2011 Surveillance Stock Analysis: China Plunge

Published May 27, 2011 00:00 AM
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In this note, we examine shifts in surveillance manufacturer stock prices for the first half of 2011. The most interesting theme is the plunging prices of many Chinese technology stock prices. Here we focus in on 4 companies: 2 from the Chinese stock market (Hikvision and Infinova) and 2 from the European markets (Axis and Mobotix).

2010 was a landmark year for Chinese surveillance stocks with two monster IPOs. First in May 2010, Hikvision IPOed and then at the end of 2010, Infinova followed. Both IPOs resulted in Billion dollar valuations.

The story in 2011 is quite different. The overall theme for the Chinese technology stocks in 2011 is increasingly distrust and concern. In May 2011, punctuating that is an exposed major fraud of a Chinese software company (see the NYTimes article: "The Audacity of Chinese Frauds" for background). Following this is a new report that a Chinese fire manufacturer is suspected of fraud.

We have no evidence that any surveillance manufacturer is engaging in fraud. Minimally, though, in an environment of distrust, the risk of stocks increases. More importantly, as we argued during our initial analysis of each IPO, the comparative valuations do not make sense.

The table below provides a snapshot of each company's positioning:

Company Valuation 2010 Revenue Price to Sales Ratio 2011 Stock Price
Infinova $739 M USD $74 M USD 10:1 -44%
Hikvision $5000 M USD $550 M USD 9:1 -34%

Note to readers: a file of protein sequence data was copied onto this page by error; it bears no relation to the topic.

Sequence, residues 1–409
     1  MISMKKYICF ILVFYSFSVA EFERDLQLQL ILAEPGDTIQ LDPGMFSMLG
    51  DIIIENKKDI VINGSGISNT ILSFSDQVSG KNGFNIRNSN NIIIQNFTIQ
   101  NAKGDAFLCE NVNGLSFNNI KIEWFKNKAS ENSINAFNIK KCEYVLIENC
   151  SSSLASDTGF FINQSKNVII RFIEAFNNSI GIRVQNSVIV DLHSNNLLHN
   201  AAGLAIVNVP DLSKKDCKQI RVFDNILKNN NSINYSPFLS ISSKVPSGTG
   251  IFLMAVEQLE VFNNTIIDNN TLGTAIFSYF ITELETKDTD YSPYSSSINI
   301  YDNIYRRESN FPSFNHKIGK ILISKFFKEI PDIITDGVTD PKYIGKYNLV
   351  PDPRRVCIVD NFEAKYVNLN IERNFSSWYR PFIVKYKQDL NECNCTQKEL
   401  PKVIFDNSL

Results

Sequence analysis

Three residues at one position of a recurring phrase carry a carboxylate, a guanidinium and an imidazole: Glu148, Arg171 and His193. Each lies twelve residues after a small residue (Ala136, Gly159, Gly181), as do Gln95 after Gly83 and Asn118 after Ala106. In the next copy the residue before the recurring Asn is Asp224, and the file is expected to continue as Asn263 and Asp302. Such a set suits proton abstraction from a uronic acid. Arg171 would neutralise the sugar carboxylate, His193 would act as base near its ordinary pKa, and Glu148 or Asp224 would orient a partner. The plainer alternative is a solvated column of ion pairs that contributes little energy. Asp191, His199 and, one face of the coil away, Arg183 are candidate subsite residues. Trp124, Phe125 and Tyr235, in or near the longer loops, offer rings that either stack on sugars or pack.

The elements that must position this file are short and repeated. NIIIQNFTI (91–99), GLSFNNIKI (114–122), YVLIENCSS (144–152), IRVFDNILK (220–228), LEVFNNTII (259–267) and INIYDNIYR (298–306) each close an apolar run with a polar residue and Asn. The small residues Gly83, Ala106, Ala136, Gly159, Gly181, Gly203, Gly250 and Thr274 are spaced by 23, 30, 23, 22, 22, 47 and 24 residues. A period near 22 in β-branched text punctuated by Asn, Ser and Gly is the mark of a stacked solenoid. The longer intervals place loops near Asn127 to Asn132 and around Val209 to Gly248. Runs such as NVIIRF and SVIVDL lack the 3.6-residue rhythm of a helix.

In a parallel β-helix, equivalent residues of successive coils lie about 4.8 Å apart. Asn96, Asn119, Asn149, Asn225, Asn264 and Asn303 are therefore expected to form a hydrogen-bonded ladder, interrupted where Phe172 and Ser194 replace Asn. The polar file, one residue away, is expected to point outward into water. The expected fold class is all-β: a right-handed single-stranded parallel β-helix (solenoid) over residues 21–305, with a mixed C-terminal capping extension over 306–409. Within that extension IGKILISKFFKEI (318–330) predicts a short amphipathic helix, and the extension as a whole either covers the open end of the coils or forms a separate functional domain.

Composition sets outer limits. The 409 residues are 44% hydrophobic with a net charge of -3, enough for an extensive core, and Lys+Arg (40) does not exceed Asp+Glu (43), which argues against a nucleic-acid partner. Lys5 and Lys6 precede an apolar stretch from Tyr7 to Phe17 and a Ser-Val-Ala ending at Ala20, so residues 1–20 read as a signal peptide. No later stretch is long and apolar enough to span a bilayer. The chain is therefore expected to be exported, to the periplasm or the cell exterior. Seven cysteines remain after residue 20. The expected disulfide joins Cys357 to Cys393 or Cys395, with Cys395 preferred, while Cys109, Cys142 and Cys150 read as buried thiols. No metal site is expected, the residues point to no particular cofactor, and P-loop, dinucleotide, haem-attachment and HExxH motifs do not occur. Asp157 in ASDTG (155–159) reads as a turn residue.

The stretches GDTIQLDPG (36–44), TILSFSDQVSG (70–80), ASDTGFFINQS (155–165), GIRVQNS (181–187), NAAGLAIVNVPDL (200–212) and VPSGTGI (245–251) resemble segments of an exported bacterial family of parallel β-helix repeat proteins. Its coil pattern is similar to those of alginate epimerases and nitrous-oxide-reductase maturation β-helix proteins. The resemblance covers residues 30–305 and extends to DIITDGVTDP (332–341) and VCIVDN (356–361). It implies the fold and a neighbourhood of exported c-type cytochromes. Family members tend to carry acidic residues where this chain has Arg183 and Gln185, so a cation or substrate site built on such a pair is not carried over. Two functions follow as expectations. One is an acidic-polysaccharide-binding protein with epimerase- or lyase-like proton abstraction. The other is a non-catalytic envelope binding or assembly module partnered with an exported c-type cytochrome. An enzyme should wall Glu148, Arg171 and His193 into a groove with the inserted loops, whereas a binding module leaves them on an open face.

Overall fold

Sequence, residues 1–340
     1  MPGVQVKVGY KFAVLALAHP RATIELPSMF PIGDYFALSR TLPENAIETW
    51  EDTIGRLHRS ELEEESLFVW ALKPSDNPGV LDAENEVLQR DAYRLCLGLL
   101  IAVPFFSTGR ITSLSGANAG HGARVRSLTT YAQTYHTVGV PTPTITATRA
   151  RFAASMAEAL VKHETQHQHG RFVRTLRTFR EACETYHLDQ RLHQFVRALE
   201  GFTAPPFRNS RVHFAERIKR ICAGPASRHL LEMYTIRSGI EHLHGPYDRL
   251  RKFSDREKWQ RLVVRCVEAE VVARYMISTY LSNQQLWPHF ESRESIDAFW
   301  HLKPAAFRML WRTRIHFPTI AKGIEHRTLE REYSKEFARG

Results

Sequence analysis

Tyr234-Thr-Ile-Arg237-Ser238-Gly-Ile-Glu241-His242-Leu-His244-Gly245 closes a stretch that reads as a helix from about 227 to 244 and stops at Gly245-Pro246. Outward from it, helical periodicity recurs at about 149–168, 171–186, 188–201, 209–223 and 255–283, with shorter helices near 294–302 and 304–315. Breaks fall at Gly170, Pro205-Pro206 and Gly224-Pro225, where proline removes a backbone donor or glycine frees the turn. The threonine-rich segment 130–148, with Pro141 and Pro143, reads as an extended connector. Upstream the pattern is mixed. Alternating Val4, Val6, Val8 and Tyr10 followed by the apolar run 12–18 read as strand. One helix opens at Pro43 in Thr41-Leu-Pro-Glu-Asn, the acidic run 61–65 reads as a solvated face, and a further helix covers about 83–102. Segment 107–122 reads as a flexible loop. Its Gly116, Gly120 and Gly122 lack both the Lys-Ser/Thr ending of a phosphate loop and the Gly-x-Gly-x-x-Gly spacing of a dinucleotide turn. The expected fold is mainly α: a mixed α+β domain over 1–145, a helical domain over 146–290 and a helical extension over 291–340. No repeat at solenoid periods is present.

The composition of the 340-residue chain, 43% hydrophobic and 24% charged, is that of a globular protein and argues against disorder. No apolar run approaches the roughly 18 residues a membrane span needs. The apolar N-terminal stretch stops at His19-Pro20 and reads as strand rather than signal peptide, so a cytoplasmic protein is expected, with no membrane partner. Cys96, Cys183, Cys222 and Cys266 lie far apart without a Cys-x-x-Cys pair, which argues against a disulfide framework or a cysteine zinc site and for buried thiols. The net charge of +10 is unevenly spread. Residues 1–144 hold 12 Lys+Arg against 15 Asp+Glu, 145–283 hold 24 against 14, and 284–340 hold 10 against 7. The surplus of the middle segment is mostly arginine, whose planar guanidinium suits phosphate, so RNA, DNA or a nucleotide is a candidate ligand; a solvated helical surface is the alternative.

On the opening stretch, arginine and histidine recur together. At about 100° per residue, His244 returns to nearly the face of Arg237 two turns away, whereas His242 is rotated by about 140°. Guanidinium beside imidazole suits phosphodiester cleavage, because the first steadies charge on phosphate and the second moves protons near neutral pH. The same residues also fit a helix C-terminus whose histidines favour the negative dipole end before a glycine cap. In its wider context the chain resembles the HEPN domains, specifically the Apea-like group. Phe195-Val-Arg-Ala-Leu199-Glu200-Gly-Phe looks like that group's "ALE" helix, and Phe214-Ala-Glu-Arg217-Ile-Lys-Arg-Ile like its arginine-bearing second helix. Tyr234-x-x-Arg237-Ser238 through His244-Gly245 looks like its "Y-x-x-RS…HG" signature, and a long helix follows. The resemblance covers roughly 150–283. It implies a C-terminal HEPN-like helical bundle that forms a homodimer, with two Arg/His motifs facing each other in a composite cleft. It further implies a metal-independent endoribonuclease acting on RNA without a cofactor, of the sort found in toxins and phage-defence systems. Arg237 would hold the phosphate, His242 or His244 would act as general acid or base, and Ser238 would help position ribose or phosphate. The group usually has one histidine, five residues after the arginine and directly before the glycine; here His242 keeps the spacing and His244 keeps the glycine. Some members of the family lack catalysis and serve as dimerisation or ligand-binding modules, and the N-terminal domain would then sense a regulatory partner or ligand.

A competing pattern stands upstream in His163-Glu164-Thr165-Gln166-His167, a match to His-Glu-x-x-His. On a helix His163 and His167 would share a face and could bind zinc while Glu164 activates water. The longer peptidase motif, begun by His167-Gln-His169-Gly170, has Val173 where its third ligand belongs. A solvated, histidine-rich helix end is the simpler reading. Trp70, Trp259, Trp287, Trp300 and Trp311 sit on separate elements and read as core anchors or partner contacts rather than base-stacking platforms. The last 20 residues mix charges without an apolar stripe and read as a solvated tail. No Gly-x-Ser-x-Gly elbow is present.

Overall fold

Mobotix $356 M USD $92 M USD 4:1 0%
Axis $1600 M USD $465 M USD 3.5:1 +25%

Even after big drops from both Chinese market companies, their relative valuations compared to sales are more than 200% greater than the European companies.

The table below illustrates Infinova's steep drop:

Here is Hikvision's drop, steep but moderately less than Infinova's:

Let's compare this to two prominent European surveillance companies. While Mobotix's stock price has bounced around over the first half of the year, overall it's roughly flat:

Finally, Axis's stock price is up notably, gaining ~25% in value over the first half of 2011:

What's Next?

On the fundamentals, we believe the Chinese market companies have significantly more downside risk than the Europeans. The primary factor is that the comparable valuations relative to sales and growth are still too high. Secondarily, the European companies are better positioned in the higher growth segment of IP cameras. On the contrary, Hikvision's geographic base provides it a natural advantage for the historically high growth Chinese market.

Will trust in the Chinese technology market regain or are we in the first half of a bursting bubble? The next 6 months will be revealing.